GOVERNMENT stands to save an estimated N$200 million in the next five years by cutting on costly perks to office bearers.
In an attempt to reduce expenditure and ensure effective governance, President Hage Geingob today announced that for the next five years, the vehicle fleet of the Namibian government will not be renewed.
This essentially means that no new vehicles will be purchased for members of the Executive and Public Office Bearers in government.
The President also directed a cap on monthly fuel consumption by Public Office Bearers.
“In 2015, President Geingob undertook a major government reform agenda in order to deal with declining government revenue as a consequence of an unprecedented global economic downturn, falling commodity prices and exchange rate. Recurrent droughts over the past five years, of which the last was in 2019, have also affected the fiscal position of government,” Press Secretary, Alfredo Hengari, said in a statement.
According to Hengari, last year alone, an amount of NA$557 million was redirected to drought relief, reaching 622,444 Namibians in all 14 regions.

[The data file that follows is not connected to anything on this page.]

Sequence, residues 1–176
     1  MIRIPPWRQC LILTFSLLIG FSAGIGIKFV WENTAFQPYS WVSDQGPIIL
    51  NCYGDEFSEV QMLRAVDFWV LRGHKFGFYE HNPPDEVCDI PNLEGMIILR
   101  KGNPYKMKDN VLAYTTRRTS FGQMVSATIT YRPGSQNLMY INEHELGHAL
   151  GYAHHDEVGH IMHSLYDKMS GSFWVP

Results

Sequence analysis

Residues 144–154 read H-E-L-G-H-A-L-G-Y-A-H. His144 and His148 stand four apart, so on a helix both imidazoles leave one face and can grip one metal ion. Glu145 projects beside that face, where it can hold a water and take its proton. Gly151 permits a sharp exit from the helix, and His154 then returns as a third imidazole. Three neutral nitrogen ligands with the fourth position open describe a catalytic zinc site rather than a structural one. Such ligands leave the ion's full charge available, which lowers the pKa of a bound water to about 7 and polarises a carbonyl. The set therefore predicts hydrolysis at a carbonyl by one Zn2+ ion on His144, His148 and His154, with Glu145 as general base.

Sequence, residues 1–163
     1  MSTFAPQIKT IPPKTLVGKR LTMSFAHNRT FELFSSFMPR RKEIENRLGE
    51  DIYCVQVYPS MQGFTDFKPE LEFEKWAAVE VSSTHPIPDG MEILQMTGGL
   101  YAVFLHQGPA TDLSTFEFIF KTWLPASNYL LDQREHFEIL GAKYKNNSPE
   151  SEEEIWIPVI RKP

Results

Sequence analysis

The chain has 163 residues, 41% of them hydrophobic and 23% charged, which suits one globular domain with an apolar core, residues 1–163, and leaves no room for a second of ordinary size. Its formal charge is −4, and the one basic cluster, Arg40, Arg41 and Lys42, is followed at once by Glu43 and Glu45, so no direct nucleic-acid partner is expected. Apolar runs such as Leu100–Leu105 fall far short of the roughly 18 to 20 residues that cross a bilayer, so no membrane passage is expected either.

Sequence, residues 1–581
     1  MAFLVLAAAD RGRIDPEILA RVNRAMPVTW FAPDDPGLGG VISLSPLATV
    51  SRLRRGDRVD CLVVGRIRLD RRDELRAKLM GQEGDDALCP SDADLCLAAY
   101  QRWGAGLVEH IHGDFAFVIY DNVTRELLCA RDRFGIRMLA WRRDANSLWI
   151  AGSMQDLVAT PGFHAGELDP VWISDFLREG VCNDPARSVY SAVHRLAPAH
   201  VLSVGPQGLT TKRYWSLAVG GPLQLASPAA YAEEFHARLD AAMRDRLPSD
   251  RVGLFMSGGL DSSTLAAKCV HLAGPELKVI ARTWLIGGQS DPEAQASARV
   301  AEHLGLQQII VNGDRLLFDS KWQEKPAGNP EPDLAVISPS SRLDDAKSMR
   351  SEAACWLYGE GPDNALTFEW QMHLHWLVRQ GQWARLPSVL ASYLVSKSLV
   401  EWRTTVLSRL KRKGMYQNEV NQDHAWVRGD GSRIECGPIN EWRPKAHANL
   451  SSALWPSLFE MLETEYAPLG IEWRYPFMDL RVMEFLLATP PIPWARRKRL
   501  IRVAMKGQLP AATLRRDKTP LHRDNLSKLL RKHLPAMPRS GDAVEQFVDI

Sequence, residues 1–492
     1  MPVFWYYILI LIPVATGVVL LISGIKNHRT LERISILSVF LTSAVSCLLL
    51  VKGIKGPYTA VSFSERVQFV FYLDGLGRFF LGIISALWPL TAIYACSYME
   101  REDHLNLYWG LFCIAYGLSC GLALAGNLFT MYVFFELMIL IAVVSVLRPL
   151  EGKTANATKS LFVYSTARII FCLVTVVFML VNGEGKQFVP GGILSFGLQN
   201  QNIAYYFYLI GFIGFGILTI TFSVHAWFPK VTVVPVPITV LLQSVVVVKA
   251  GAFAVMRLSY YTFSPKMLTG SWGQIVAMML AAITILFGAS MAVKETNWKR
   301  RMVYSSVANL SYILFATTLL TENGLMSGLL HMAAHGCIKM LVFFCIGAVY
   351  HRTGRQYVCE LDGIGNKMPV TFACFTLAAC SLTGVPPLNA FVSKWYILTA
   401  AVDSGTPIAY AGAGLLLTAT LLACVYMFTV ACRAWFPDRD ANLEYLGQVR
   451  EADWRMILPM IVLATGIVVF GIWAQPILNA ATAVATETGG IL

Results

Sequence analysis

“Government spending has been reduced by 9%; annual travel and subsistence allowances have been cut by 62%. Moreover, President Geingob has ensured greater transparency in government procurement by most notably cancelling the inflated Hosea Kutako International Airport tender. As a consequence, scarce government resources (41% of the national budget) have been directed to social sectors, including health, housing, and increments for the old age pension grant by over 100%, and the rollout of countrywide Food Banks, reaching over 42 000 Namibians,” he said.
In March, the cabinet was resized and the termination of the positions of special advisors to 14 regional governors was executed.
“The decision by President Geingob not to renew the government fleet, saving N$200 million, is a crucial segment in redirecting public resources to urgent priorities, specifically at a time when the country is dealing with the health and economic implications of COVID-19,” Hengari concludes.